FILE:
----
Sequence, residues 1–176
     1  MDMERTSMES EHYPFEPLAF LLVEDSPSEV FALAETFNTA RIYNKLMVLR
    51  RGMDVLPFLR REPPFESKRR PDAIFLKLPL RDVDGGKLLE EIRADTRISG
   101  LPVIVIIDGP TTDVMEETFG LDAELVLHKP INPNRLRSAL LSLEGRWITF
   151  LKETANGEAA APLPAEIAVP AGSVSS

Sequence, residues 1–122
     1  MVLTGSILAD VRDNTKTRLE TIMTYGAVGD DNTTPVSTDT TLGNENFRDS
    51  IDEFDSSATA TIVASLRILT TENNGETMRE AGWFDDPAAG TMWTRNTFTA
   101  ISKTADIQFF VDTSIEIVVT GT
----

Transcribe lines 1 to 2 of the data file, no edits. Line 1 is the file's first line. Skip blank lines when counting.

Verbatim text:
Sequence, residues 1–176
     1  MDMERTSMES EHYPFEPLAF LLVEDSPSEV FALAETFNTA RIYNKLMVLR